Director, Paul S. Appelbaum, MD
Dr. Appelbaum is the Elizabeth K. Dollard Professor of Psychiatry, Medicine and Law at Columbia University, and director of the Columbia Center for Research on Ethical, Legal, & Social Implications of Psychiatric, Neurologic, and Behavioral Genetics. A primary focus of his work is issues related to the use of genetic and genomic data. He has over four decades of experience with empirical research on ethical and legal issues in medicine, collaborating with colleagues in law, ethics, psychology, and sociology. He co-leads the Center’s study of the impact of genetic findings in autism and a NHGRI grant examining approaches to genetic variant reinterpretation. As part of the Center grant, he has examined the impact of behavioral genetic data on views regarding responsibility and punishment. With support from the Templeton Foundation, he and his colleagues are currently looking at the extent to which people make genetic ascriptions for prosocial and antisocial behaviors. Dr. Appelbaum has been elected to the National Academy of Medicine.
Deputy Director, Ruth Ottman, PhD
Dr. Ottman is Professor of Epidemiology (in Neurology and the Sergievsky Center), Deputy Director for Research, Sergievsky Center, and Research Scientist, New York State Psychiatric Institute. She is a genetic epidemiologist with more than 30 years of experience in research on the role of inherited factors in susceptibility to neurologic disorders, primary focusing on seizure disorders. Her research group was the first to recognize the familial epilepsy syndrome “autosomal dominant partial epilepsy with auditory features” and to identify LGI1 as a major susceptibility gene for the disorder. She is currently a coinvestigator in the Epilepsy Phenome/Genome Project, a large consortium whose aim is to collect dense phenotypic information and DNA on ~3500 individuals with epilepsy, to be used for gene discovery, and is also a principal investigator of Epi4K, a NINDS-funded Center without Walls for Research on the Epilepsies, whose goal is to identify genes that influence risk for epilepsy by sequencing the genomes of 4,000 affected individuals. She is actively engaged in research on the psychosocial issues related to genomic analysis and genetic testing in the epilepsies. This work includes qualitative research and a much larger NIH-funded study that uses quantitative (survey) research methods and will include more than 1,000 individuals from families containing multiple individuals with epilepsy.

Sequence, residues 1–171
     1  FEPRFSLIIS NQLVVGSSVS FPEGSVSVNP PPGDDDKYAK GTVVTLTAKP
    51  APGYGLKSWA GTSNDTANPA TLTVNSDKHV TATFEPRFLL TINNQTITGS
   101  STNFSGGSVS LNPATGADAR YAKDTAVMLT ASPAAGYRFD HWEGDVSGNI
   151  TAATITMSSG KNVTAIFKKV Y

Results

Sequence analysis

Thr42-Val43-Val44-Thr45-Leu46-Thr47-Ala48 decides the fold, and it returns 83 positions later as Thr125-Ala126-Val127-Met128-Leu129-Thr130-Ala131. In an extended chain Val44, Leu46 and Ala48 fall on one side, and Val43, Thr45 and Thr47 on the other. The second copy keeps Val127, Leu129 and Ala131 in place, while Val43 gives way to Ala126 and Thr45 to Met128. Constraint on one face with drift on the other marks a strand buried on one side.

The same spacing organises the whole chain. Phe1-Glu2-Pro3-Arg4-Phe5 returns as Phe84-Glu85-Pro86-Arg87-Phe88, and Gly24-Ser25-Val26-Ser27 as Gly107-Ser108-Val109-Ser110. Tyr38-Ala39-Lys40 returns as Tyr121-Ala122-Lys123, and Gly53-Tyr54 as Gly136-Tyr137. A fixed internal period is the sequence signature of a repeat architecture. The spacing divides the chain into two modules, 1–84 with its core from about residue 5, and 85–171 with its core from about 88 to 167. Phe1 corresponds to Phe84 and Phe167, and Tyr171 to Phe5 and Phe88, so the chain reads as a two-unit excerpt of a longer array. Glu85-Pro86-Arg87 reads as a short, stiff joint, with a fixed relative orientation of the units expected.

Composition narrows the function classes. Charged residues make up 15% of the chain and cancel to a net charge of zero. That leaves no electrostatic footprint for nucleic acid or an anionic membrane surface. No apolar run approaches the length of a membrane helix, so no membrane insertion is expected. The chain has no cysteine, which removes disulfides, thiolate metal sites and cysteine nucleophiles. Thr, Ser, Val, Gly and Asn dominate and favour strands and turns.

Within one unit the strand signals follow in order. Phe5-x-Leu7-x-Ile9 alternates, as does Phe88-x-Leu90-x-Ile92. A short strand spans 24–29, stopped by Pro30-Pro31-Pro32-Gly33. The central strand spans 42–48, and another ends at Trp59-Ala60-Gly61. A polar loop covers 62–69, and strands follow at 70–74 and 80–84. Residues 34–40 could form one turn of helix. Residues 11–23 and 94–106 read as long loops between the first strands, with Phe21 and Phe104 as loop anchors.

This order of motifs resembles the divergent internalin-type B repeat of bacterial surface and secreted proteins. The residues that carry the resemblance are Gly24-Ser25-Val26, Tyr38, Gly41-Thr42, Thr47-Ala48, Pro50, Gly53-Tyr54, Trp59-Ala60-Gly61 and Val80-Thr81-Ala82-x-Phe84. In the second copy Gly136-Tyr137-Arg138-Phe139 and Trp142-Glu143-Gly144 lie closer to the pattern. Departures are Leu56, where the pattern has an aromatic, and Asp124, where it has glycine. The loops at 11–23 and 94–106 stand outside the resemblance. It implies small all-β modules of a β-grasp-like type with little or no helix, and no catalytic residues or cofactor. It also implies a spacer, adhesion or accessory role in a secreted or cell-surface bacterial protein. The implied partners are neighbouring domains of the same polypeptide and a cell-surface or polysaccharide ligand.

The Center’s Core Faculty work with the Director and Deputy Director to oversee and carry out the Center’s work. Its members are researchers with training in psychiatry, neurology, psychology, genetics, pediatrics, bioethics, public policy, epidemiology, law and genetic counseling.
The Center’s Advisory Board meets annually to review the Center’s activities and its plans for the coming year. Its members are experts and stakeholders with knowledge and experience in clinical genetics, molecular genetics, ELSI research, bioethics, law, public policy, advocacy for persons with genetic disorders, and experience with having a genetic disorder.
The Center’s Faculty Associates are involved in Center projects and activities. They come from a broad range of disciplinary backgrounds, including sociology, economics, law, and medicine.
The Center’s Post-Doctoral Fellows receive training in the conduct of research on the ethical, legal and social implications of advances in genetics and conduct their own focused research project under supervision of Center Core Faculty.